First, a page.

Yoga Techniques for Deeper Sleep

Yoga Techniques for Deeper Sleep

You’re probably reading this because counting sheep has failed you yet again. (Really though, did that technique ever help anyone? Comment below if it did!)

Maybe you’ve tried other methods but continue to struggle here and there with insomnia. If that’s your situation then know that numerous studies around the world have proved that yoga helps with sleep, especially amongst insomniacs. For example, a study conducted by Harvard over eight weeks showed noticeable improvements in overall sleeping conditions, so remember that if at first you don’t succeed, keep trying. Read on to learn more about how the ancient practice of yoga can help alleviate your insomnia.

Pranayama: Utilising the Breath

Did you know that every 60 to 90 minutes your breathing changes? Throughout your day, you are subconsciously alternating your breathing between the right nostril, left nostril, or both nostrils. In fact, your sleep is affected by your breathing style, as yogic principles state that the right nostril corresponds to an extroverted mind, useful for physical work, whereas the left nostril corresponds to an introverted mind, useful for mental work.

So if you’re falling asleep breathing predominantly through the right nostril then there’s a high chance for your sleep to be restless. However, if you’re falling asleep breathing predominantly through the left nostril then those chances decrease significantly. A simple pranayama (breathwork) for sleep would be to cover the right nostril with the right thumb, or finger of choice, and to inhale slowly then exhale deeply – perform this technique for at least ten rounds before resuming normal breathing.

If the above technique doesn’t suffice then either of these pranayamas definitely will:

  • Bhramari Pranayama (Humming Bee Breath) is known to relieve cerebral tensions such as anxiety and insomnia, by inducing a meditative state which directs the awareness inwards. Simply stick both index fingers into both ears, respectively, then close the eyes and inhale as deeply as possible; close the mouth before exhaling and as you exhale, simultaneously hum (like a bee!) until the exhalation is complete. Perform five to 10 rounds, or for 10 to 15 minutes, depending on you and your needs.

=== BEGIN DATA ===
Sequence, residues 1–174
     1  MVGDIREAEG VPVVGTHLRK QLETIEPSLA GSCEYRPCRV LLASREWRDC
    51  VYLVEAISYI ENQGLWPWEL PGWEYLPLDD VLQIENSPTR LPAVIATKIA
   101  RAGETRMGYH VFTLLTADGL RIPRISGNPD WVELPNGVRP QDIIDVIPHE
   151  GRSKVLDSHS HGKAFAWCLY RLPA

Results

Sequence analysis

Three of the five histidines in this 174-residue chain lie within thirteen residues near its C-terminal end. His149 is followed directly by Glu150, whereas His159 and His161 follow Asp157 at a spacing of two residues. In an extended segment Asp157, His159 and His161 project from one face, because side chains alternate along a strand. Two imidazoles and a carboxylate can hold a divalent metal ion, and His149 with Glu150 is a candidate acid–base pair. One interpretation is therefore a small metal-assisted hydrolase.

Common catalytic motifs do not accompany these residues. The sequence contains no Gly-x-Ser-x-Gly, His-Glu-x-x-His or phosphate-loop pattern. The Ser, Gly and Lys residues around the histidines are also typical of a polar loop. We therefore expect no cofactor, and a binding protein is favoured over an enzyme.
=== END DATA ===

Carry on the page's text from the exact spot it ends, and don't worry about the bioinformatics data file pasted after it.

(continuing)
• Ujjayi Pranayama (The Psychic Breath) is classified as tranquillising pranayama as it soothes the nervous system and slows down the heart rate, relieving insomnia. In order to really fall asleep, assume Shavasana (Corpse Pose) then bring the attention to your throat and as you inhale through the throat, contract the glottis; the sound created is similar to that of snores and once you can hear yourself snoring, you know you’re performing it correctly. Perform for 10 rounds, or for 10 to 20 minutes.


Meditation: Utilising the Mind

There’s a huge misconception about meditation and how it equates to a mind without thoughts – talk about pressure! Actually, meditation is about accepting each and every thought while also just observing those thoughts without judgement. So if you’re tossing and turning for what feels like forever, with a mind swivelling from here to there, just accept your situation and observe without judgement; because really, judging yourself for not sleeping in time creates stress which decreases your ability to relax and in turn, to sleep.

Granted, mindfulness is easier said than done, but trust the process - or at least the science, which has shown a reduction in cortisol levels (the stress hormone).

Yoga: Utilising the Body

While an intense yoga practice may physically tire your body, your chances of falling asleep remain at 50/50. If you want a guaranteed sleep (or at least a higher chance of sleep) then practice specific yoga poses meant for relaxing the body; poses that increase the flow of blood to the brain and that stimulate glands responsible for releasing hormones essential to sleep. Here is PurelyBs top three yoga poses for sleep:

  1. Shashankasana (Rabbit Pose) regulates the adrenal glands, so if you find yourself frequently in “fight or flight mode” then this posture can definitely help you to relax. Bonus tip: rock the forehead gently side to side for a mini massage.

  2. Matsya Kridasana (Flapping Fish Pose) is an ideal posture for aiding sleep as many people actually sleep in this position due to how comforting it is. Bonus tip: place a pillow underneath the bent knee or the head for added comfort.

  3. Supta Udarakarshanasana (Sleeping Abdominal Stretch Pose) relieves the strain of office work by massaging the lower back while simultaneously stretching the abdominal muscles and organs as for the body to really physically unwind. Bonus tip: bring the knees closer to the chest with each turn as to move up the spinal column.